Chateau Malmaison, Paris, France

When Napoleon returned to Paris, he took up residence at the Chateau Malmaison, a large estate just outside the city. His wife Josephine had purchased it for 300,000 francs, and spent more money restoring the home.

Josephine lived here after her divorce from Napoleon, until she passed away in 1814. Napoleon took up a brief residence there before he was exiled. Later, the house was abandoned, ransacked, and partly destroyed. In the 20th century, it was restored and is now an important historical site.

It was while living here that Napoleon seized power and made himself leader of France. Within a few short years he went from being a temporary leader to an all-powerful emperor. After years of chaos and turmoil, the people of France largely welcomed Napoleon and the stability he promised.

Malmaison castle (Google Maps)
Malmaison castle

Crowned Emperor at Notre Dame, Paris, France

Notre Dame has long been the religious center of Paris, but it was not the where the Kings of France were crowned. This event usually took place in the Cathedral of Saint Denis, just outside the city. However, Napoleon chose to be crowned emperor in Notre Dame.

Pope Pius VII participated in the coronation ceremony, but unusually, he gave the crown to Napoleon, who crowned himself. This sent a clear message: Napoleon was not controlled by the Catholic church.

Notre Dame took nearly 200 years to build, and was finished in 1345. In 2019, the roof caught fire and caused an international outpouring of grief and sympathy. The cathedral is still open, but with limited areas open to the public.

Notre Dame de Paris (Google Maps)
Notre Dame de Paris

Place Vendome Column, Paris, France

Part of what the French people, and people even today, loved about Napoleon was his aggressive and successful military campaigns that brought pride and victory to the people of France after years of internal turmoil and international struggle.

He defeated combined armies of the Great Britain, the Prussian Empire, and the Russian Empire at the Battle of Austerlitz, in modern day Czech Republic. He had a monument erected in honor of the victory in a plaza named for the battle. The column was destroyed by revolutionaries in 1871, but later reconstructed, and is still on display in the plaza.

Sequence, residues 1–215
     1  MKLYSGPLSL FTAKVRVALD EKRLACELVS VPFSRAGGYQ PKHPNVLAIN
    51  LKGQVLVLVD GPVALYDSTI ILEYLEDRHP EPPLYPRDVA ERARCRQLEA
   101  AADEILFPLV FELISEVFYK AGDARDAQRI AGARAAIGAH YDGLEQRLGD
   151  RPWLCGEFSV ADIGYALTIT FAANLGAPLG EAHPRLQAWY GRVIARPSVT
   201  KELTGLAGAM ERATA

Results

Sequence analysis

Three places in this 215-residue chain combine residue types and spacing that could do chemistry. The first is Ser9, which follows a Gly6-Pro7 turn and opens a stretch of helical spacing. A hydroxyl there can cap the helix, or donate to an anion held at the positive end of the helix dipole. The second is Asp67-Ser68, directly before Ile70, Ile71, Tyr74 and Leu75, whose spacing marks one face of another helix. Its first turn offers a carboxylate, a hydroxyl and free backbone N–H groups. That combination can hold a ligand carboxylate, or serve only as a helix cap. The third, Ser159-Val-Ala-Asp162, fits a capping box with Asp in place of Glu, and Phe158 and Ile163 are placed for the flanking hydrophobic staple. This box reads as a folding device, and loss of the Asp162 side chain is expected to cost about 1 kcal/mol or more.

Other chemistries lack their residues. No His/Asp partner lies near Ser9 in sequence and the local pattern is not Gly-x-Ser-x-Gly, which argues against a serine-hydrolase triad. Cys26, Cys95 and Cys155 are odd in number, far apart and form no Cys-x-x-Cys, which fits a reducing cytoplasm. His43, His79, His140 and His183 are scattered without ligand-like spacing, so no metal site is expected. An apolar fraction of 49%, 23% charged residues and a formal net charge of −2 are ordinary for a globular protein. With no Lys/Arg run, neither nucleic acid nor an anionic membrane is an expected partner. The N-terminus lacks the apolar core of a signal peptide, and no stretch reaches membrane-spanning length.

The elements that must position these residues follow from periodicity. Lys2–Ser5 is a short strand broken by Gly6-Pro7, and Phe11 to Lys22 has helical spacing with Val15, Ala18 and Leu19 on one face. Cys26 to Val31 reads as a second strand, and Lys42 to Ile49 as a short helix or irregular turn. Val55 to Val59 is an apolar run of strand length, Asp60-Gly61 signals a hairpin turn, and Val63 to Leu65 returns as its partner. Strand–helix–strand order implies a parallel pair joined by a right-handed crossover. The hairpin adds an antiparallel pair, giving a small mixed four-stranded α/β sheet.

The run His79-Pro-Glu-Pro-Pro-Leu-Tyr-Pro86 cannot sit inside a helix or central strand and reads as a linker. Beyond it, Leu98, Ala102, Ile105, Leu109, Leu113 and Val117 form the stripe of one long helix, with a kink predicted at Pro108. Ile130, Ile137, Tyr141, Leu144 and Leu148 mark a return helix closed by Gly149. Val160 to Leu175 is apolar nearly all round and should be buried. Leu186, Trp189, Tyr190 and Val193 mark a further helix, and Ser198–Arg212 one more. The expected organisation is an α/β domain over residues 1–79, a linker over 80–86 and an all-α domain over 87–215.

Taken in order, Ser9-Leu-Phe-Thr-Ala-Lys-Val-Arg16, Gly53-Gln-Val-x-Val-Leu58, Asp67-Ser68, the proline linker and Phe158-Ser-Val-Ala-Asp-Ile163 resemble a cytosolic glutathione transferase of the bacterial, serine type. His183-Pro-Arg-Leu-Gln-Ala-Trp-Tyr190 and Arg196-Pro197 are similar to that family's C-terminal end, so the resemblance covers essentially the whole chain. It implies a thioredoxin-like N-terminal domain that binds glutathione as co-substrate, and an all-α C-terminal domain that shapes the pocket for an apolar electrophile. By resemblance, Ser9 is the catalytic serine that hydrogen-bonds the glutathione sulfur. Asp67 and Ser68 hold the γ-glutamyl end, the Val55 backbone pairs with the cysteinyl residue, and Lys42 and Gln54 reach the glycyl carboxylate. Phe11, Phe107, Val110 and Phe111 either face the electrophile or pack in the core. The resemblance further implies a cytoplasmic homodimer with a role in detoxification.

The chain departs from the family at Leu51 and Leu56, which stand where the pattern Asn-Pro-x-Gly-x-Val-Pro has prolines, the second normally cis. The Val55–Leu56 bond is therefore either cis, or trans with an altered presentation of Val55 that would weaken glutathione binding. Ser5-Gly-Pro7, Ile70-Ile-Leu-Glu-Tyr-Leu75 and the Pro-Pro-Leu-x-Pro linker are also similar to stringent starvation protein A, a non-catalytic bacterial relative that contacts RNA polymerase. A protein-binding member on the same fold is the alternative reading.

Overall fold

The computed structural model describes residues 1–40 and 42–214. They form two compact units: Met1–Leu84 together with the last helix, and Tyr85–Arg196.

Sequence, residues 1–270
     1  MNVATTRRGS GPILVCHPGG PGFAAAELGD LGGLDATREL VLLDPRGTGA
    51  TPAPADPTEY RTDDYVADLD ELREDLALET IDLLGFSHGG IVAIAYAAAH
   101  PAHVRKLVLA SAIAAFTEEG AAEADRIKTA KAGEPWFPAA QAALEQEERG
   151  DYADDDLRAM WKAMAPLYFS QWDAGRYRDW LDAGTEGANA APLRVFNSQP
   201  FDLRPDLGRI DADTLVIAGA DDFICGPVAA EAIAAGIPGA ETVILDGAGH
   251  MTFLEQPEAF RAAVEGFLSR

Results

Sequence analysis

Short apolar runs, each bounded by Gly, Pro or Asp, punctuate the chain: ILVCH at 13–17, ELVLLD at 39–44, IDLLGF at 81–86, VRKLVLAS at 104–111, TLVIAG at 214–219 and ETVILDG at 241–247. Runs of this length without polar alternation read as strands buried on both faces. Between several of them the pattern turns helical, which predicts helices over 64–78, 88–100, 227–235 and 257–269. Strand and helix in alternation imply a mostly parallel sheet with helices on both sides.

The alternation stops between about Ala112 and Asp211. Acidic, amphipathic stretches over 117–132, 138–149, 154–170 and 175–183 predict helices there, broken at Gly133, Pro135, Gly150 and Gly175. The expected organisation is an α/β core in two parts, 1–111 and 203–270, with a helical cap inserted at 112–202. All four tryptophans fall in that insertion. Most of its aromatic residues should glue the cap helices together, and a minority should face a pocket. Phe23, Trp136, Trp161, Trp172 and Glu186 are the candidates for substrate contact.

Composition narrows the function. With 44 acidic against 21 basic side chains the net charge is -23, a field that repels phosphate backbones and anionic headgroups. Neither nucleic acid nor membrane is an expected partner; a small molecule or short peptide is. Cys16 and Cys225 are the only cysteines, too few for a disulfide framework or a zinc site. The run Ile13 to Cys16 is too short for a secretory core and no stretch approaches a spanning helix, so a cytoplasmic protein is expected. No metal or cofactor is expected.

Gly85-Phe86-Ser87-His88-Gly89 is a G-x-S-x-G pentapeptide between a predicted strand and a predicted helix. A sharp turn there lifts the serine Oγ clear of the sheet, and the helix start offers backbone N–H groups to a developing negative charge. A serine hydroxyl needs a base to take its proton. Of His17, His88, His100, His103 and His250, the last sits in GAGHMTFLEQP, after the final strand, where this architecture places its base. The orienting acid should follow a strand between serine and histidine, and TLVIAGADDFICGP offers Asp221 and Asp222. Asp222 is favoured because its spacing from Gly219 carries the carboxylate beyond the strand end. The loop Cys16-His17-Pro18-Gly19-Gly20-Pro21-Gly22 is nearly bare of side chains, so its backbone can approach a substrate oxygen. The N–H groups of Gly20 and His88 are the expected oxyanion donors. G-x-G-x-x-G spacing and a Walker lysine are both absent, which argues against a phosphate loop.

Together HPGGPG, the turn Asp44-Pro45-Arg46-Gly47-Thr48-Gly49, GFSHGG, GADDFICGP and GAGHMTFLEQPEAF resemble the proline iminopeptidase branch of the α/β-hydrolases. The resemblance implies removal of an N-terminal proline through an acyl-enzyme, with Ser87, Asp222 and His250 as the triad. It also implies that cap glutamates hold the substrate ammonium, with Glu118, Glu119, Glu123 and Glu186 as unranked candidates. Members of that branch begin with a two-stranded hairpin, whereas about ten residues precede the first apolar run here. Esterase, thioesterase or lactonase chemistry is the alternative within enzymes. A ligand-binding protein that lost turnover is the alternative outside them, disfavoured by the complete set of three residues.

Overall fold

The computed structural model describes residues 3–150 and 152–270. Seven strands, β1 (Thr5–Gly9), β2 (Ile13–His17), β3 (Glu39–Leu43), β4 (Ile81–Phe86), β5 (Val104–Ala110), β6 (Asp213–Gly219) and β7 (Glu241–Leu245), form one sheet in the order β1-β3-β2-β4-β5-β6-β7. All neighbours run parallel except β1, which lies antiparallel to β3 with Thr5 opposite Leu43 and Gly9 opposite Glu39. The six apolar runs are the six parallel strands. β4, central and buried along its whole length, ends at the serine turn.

Place Vendôme Column (StreetView)
Place Vendôme Column

Home on Elba

After Napoleon tried to conquer all of Europe, Europe fought back, and the combined forces conquered France and forced the now-former emperor to exile on Elba, an island off the coast of Italy. He had two homes, including this home in Portoferraio. It is now a museum where people can learn about Napoleon, his reign, and his improbable escape from Elba after less than a year in exile.

Napoleon Bonaparte's home (former) (StreetView)
Napoleon Bonaparte's home (former)

Route Napoleon, France

Napoleon refused to remain away from power, and from France. After a short time on Elba, he broke free and seized power over France, declaring himself emperor once again.

There are now markers and paths along the route Napoleon took along the French Riviera. It starts in Golfe-Juan, where Napoleon landed and began his fateful campaign that ended just a few months later at Waterloo.

Route Napoleon, Prairie de la Rencontre (StreetView)
Route Napoleon, Prairie de la Rencontre

Waterloo, Belgium

Immediately after taking power in France, the forces of Europe and England rallied to oppose Napoleon, knowing that the militaristic emperor would not stop until he was king of all Europe, or removed permanently.